Birds and Climate Change

Edited by

  • Anders Moller, Laboratoire de Parasitologie Evolutive, CNRS UMR, Paris, France
  • Wolfgang Fiedler, Max Planck Institute for Ornithology, Radolfzell, Germany

Series Editor:

  • Luo Yiqi, Woods Hole Oceanographic Institute, Massachusetts, U.S.A. University of Oklahoma, Norman, U.S.A.

Temperature and other climate variables are currently changing at a dramatic rate. As observations have shown, these climatic changes have serious consequences for all organisms and their ability to adapt to changing environmental conditions. Birds are excellent model organisms, with a very active metabolism, they are highly sensitive to environmental changes and as highly mobile creatures they are also extremely reactive. Birds and Climate Change discusses our current knowledge of observed changes and provides guidelines for studies in the years to come so we can document and understand how patterns of changing weather conditions may affect birds.
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Scientists and academicians studying ecology, evolution, plant biology, physiology, the environment, population biology, and entomology.


Book information

  • Published: November 2004
  • ISBN: 978-0-12-013935-4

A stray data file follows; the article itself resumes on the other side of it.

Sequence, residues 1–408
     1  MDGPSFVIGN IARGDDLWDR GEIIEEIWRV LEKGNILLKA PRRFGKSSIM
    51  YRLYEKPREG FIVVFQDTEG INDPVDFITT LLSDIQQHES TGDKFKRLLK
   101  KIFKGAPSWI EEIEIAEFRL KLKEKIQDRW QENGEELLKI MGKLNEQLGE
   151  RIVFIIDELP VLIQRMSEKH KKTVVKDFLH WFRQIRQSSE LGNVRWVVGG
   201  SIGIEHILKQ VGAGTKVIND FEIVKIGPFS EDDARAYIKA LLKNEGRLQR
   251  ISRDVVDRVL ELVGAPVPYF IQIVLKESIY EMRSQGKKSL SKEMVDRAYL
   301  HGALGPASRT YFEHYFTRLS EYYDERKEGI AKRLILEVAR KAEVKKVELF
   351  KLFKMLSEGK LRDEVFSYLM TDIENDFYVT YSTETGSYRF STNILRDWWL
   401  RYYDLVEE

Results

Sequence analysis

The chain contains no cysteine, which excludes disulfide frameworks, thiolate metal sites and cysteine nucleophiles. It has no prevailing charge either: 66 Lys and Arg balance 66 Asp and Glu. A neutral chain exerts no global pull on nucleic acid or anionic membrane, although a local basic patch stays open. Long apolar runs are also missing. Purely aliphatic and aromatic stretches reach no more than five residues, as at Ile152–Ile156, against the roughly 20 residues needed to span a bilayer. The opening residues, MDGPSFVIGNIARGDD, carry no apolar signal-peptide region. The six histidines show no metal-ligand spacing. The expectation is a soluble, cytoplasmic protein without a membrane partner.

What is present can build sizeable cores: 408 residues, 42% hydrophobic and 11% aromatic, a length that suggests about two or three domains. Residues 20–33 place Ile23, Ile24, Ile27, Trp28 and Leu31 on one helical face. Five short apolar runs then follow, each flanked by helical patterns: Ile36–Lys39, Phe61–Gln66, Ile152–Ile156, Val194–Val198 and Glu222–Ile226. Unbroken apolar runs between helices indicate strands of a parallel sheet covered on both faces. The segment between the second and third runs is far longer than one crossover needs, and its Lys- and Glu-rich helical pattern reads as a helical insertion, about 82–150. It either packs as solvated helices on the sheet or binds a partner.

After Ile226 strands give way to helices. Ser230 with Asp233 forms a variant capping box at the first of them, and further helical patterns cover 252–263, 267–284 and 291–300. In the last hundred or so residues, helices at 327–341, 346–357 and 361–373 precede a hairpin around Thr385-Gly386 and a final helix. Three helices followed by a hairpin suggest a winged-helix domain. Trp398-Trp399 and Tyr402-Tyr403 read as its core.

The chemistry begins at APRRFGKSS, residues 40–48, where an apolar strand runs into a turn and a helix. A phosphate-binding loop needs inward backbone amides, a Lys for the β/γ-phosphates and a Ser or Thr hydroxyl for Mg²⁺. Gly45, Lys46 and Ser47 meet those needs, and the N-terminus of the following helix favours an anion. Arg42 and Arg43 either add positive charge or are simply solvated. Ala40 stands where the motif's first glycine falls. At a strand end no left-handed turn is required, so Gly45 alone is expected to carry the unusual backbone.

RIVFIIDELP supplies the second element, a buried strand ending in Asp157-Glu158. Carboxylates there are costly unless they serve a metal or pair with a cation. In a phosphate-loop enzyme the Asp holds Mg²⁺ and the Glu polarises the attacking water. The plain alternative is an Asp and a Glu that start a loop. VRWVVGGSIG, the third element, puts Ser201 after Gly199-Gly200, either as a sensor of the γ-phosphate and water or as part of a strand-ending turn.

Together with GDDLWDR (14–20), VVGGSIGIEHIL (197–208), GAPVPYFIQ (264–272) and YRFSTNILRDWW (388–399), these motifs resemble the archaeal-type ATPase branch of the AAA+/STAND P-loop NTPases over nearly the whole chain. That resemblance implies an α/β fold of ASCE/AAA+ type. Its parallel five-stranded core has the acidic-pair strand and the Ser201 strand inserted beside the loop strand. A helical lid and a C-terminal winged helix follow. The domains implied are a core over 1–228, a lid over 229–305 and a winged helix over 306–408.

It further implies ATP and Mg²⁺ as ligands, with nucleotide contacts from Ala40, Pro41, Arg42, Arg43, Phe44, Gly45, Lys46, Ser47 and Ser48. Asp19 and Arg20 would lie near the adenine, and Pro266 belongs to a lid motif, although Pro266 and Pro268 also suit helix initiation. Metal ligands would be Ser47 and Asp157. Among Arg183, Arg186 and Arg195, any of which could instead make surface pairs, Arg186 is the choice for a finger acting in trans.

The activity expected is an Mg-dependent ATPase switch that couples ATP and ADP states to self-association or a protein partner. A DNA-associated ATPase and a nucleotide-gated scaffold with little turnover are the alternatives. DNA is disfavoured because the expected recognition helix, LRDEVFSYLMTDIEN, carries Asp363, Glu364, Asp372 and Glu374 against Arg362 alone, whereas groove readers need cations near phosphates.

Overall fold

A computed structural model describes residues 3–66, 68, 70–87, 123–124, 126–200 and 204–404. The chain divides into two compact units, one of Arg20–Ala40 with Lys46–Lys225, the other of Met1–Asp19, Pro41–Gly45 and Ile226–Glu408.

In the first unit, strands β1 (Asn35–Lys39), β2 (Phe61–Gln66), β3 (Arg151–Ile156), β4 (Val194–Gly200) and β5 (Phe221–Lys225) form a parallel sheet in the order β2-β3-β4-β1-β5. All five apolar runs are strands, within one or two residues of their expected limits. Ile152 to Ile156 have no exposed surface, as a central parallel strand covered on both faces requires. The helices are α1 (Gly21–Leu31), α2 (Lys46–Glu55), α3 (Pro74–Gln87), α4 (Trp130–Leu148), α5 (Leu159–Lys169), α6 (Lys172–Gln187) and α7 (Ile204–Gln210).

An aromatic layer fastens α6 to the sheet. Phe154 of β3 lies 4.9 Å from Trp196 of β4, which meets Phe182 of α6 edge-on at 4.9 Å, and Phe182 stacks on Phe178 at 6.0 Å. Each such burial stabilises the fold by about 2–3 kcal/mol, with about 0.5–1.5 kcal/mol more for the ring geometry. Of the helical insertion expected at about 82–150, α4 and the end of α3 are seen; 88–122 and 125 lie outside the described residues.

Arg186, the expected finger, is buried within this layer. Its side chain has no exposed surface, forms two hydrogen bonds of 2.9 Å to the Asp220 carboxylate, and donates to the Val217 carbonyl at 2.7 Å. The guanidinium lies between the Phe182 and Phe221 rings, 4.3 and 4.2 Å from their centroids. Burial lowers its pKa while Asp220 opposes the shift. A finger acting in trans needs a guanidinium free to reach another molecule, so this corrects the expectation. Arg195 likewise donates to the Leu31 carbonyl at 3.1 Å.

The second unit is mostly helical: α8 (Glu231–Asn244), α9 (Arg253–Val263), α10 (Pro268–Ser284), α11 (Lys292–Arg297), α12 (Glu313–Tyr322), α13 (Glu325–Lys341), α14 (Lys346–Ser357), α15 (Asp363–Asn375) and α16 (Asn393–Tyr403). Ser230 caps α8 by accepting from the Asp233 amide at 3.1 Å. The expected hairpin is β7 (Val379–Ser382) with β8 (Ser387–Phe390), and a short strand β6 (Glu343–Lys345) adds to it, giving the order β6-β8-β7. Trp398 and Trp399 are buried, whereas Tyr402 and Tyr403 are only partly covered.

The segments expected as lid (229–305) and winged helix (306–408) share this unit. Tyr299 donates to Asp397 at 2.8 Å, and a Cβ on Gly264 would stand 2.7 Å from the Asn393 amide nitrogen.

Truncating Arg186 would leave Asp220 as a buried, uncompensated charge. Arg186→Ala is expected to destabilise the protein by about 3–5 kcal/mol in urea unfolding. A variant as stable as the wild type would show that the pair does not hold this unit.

"...a valuable reference for ornithologists, for those interested in specific biotic effects of climate change, and for those looking for a portal to data sets amenable to building predictive climate-effect models." - Jason Jones, Vassar College, for ECOLOGY "One of the strengths of this book is the breadth of topics covered in a relatively short volume...Chapters on timing of migration and the energetics of migration are at their strongest when discussing the specifics of avian ecology...The editors provide a broad range of questions that will interest academic avian biologists...Birds and Climate Change is at its best in helping scientists take advantage of a 'unique opportunity to study the adaptation of organisms to their changing environments'. Those seeking to understand and perhaps limit the impacts of human-caused environmental change on birds and other organisms can certainly benefit from the insight presented here." -John P. McCarty, Department of Biology, University of Nebraska in THE CONDOR

Table of Contents

IntroductionArrival and departure datesMigrators fuelling and global climate changeUsing large scale data from ringed birds for the investigation of effects of climate change on migrating birds: pitfalls and prospectsBreeding dates and reproductive performanceGlobal climate change leads to mistimed avian reproductionAnalysis and interpretation of long-term studies investigating responses to climate changePhotoperiodic response and the adaptability of avian life cycles to environmental changeMicroevolutionary response to climatic changeClimate influences on avian population dynamicsImportance of climatic change for the ranges, communities and conservation of birdsThe challenge of future research on climate change and avian biology